B = (95% of intervals generated under repeated sampling contain the true value of the parameter)

C = (My particular interval contains the true parameter with 95% probability)

if A then B (a true statement about an algorithm.)

A is true (a most often FALLACIOUS statement about a scientific process)

therefore B is true (B actually has totally unknown truth value due to above)

if B then C (This is a FALSE statement regardless of whether B is true because frequency and probability don’t mean the same thing to most people, but it appears true as soon as you confuse frequency and probability together formally)

B is true therefore C is true (FALLACY: remember, B has no known truth value because A is FALSE. Even if B were true the statement “if B then C” is basically false when looked at carefully due to “probability” not meaning long run frequency to real world people who haven’t been brainwashed by stats classes)

So, after a fallacious assumption about a non-existent sampling process, and a pun between “probability as frequency” and “probability as degree of credibility” which makes “if B then C” seem like a true statement… people fallaciously deduce “my particular interval contains the true parameter with 95% probability” sometimes even when they can know with 100% credibility before looking at the data that the parameter can NOT possibly be in the interval (for example, when the parameter logically has to be greater than zero but the confidence procedure includes only negative values… the kind of thing that *can* happen with confidence procedures).

I think most people would agree that inference based on a simplistic model that is a poor model of the underlying science isn’t going to work well.

Not always easy to notice a model is poor for the underlying science http://andrewgelman.com/2016/08/22/bayesian-inference-completely-solves-the-multiple-comparisons-problem/

There a poor but fully Bayesian model produces the usual confidence intervals with those taken to be good frequency confidence coverage properties.

Makes one wonder – good, good for what?

But “Random sampling” is used as a default model for LOTS Of stuff in science EVERY DAY, for example the effectiveness of drugs, and yet the only situation where it’s a good model is basically surveys of finite populations using random number generators.

So, if you want to find out the average age of drivers in California, if you randomly sample from the DMV registration it would be a good model to say that your data comes from a random number generator process. But if you want to find out how well crops grow given a certain fertilizer it’s a TERRIBLE model.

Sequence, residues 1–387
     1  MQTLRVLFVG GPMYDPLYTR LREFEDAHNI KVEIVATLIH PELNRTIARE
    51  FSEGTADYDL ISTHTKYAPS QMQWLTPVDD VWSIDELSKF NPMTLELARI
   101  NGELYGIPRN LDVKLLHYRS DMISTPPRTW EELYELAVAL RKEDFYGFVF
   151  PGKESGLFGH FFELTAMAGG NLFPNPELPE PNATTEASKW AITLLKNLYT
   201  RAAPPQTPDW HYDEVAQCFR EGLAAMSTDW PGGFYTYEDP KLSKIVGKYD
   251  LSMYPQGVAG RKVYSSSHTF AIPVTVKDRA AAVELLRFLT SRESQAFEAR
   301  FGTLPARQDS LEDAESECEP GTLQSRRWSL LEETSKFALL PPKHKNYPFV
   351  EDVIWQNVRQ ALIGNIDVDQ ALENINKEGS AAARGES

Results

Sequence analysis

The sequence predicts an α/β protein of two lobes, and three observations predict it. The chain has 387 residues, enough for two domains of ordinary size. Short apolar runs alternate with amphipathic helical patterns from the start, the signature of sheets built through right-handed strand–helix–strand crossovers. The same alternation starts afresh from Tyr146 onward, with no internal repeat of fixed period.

Alien report: We have found a planet, it is called Earth. There is at least one intelligent species that goes by the name of “Humans” or Homo Sapiens. They have discovered nuclear power and computation. They have visited their satellite (the “Moon”) and are planning to visit a neighboring planet (“Mars” further away from the central star, the “Sun”). They are starting to understand and control the genetic information that they and other species contain and gets replicated upon reproduction. They have figured out confidence intervals long ago, but they like to keep arguing about them.

I sure hope the aliens won’t be gene-centrists. One species of those is enough.

More seriously, what about the fact (?) that frequentist CIs correspond to Bayesian credible intervals assuming flat priors? Wouldn’t that provide a practical interpretive benefit to users despite mixing up philosophies?

I think it would be more correct to say that SOME frequentist confidencee intervals correspond to Bayesian credible intervals assuming a flat prior. There isn’t a uniquely correct confidence interval generating procedure, so the correspondence isn’t guaranteed. They aren’t the same though, because the credible interval is a summary of a probability distribution and the confidence interval isn’t.

I find this an interesting subject. Non-statistician here, but trying to wrap my head around this. This maybe stats 101 but am I understanding this correctly?